Time for Eternity
Frankie Suchet, a bartender living in modern day New York, has a serious grudge against Henri Foucault: In 1794 he turned her into a vampire and she hates it. So, when she gets the chance to travel back in time to kill him before he turns her into a blood-sucking monster, she grabs it with open arms. But when Frankie encounters her former self, Francoise, their eyes meet, quantum physics collapses, and Frankie disappears.
It’s 1794, and during the turmoil of the Terror Francoise is taken into the Duc d’Avignon’s household. She has watched the wicked duc, Henri Foucault, from afar, and is attracted to him. But where does he go all the time? And how can they survive the Terror? Most importantly, who is this strangely accented voice that keeps urging Francoise to kill him?
That voice of course is Frankie, who (and let’s call a spade a spade) possesses Francoise and whom I found frankly annoying. I understand that the simplest way to distinguish between characters of different eras is to vary the speech pattern, but really – “Bingo?” “We do what we can.” Inserting “girlfriend” into every other sentence? The last time I spoke like that was in eighth grade. As a character device belonging to a 200-year old vampire of French origins, it’s irritating and cheap.
But it is interesting to watch Frankie and Francoise develop as characters. They are complete antitheses, although the cynical, sarcastic Frankie began as the naive, subdued Francoise. Frankie assumed that Henri turned her into a vampire then abandoned her, but the truth is that he was caught ferrying revolutionary prisoners out of France and had his head chopped off. Francoise discovers the heroic and gentler side that Frankie never saw and it’s nice to see Frankie mellow out and Francoise acquire some of Frankie’s spunk. That being said, I still think of them as separate people and the final heroine seems neither-twixt-nor-‘tween, leaving an unfinished quality to an otherwise solid character story.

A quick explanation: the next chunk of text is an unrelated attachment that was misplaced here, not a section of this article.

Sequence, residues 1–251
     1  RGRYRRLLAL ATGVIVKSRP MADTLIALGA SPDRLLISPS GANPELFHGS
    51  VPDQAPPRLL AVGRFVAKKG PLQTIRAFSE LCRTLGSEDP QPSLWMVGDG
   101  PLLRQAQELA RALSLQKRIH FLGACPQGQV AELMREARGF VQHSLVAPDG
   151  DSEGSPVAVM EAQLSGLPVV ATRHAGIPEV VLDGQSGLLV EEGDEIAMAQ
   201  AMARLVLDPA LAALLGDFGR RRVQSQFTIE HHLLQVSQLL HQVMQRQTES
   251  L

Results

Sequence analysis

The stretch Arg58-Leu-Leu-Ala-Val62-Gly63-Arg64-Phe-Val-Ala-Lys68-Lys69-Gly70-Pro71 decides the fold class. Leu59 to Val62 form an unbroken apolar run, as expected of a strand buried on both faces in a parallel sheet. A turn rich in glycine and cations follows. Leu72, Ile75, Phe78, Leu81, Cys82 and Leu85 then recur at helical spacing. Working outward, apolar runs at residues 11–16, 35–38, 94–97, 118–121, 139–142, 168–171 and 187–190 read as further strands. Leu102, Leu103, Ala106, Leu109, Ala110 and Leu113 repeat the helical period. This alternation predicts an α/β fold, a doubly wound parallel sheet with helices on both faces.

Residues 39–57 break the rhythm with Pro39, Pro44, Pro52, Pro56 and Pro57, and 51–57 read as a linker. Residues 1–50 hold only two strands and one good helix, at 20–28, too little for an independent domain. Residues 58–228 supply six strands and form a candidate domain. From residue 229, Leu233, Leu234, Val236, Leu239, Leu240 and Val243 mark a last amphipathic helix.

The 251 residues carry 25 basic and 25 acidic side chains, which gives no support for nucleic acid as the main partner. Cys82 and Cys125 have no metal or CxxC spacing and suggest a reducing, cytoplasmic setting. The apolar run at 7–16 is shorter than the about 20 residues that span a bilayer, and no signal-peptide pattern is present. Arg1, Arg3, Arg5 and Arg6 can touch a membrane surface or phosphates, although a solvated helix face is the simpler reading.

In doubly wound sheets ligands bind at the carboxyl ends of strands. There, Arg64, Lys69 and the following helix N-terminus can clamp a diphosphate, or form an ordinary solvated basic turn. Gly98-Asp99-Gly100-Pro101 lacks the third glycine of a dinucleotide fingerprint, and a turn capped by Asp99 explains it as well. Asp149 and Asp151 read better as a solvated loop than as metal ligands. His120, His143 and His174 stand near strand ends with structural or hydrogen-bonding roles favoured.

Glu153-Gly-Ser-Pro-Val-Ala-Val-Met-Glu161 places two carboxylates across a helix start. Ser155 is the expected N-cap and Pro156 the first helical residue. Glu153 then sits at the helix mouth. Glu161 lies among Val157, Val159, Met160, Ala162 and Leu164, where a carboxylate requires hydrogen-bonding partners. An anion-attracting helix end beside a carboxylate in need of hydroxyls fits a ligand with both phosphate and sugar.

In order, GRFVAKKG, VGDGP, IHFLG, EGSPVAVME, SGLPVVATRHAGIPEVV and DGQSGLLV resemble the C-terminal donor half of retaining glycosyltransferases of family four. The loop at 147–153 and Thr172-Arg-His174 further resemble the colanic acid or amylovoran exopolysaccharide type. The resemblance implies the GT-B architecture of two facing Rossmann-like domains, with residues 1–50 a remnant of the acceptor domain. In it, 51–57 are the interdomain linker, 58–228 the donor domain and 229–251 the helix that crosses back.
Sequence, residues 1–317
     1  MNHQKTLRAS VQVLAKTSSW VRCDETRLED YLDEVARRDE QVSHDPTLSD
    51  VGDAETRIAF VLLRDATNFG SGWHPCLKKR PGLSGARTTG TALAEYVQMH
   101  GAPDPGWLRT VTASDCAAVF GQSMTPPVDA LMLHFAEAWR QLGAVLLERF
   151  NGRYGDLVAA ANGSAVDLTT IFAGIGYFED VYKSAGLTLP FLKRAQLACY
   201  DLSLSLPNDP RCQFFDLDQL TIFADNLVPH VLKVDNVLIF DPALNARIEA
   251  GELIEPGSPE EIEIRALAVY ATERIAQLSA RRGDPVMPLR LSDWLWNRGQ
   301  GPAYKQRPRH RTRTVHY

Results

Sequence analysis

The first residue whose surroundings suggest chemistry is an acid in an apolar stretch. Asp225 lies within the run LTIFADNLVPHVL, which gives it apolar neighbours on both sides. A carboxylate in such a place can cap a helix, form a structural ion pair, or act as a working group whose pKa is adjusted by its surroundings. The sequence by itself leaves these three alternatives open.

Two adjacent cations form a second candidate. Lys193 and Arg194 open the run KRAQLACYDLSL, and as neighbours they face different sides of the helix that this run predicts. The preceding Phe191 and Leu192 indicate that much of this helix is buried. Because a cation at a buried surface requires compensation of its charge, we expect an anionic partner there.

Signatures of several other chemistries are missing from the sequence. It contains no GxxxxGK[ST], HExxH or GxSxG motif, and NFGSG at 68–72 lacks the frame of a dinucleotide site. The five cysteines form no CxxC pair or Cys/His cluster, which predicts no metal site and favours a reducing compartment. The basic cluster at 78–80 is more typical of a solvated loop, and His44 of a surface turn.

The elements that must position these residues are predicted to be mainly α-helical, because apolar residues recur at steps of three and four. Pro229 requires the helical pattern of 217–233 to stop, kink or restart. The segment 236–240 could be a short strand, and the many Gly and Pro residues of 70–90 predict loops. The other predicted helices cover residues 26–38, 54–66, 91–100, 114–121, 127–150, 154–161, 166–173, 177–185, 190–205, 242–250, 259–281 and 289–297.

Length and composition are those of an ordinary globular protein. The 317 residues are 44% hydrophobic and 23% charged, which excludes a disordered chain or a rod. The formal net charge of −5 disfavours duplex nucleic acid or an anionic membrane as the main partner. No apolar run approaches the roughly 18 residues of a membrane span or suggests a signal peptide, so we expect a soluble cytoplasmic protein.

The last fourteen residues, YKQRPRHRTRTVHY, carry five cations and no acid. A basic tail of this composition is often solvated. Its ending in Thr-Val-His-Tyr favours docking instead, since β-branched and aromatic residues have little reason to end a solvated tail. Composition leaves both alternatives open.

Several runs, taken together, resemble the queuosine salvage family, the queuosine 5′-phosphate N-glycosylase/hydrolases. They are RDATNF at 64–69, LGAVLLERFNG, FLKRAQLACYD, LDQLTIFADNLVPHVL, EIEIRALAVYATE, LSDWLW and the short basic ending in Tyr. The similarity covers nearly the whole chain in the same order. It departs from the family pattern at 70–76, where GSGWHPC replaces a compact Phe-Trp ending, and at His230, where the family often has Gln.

As for Henri, he gets seriously shafted due to the stronger presence of the heroines. His one attempt at marriage was a tragedy and turned him off innocents forever, and he makes up for his self-perceived shortcomings by playing hero during every major world conflict. But Henri gets kind of boring yearning after Francoise and denying himself, and is a disappointingly flat contrast to the heroine’s fuller character.
However, this story does have some major advantages. One, Frankie-Francoise takes time travel seriously and do try to make the space-time continuum thing work out, even if they recognize the intrinsic contradictions of time travel. As a result, I bought into it, which is rare. Two, while Ms. Squire’s vampire lore isn’t particularly original, it is logical and never detracts from the story and characters, making this book stand well on its own. And finally, I loved the setting and, despite some minor errors (and I’m being mega-picky), the author succeeds in immersing the reader in a complex time period. Vive la France. Yahoo.
So even if Henri is rather dull, he’s an okay hero and, even if I can’t decide how many heroines we have, they show quality character development. And the setting and time traveling, miraculously enough, are primo examples in our genre. So I’ll recommend Time for Eternity. You could do far, far worse.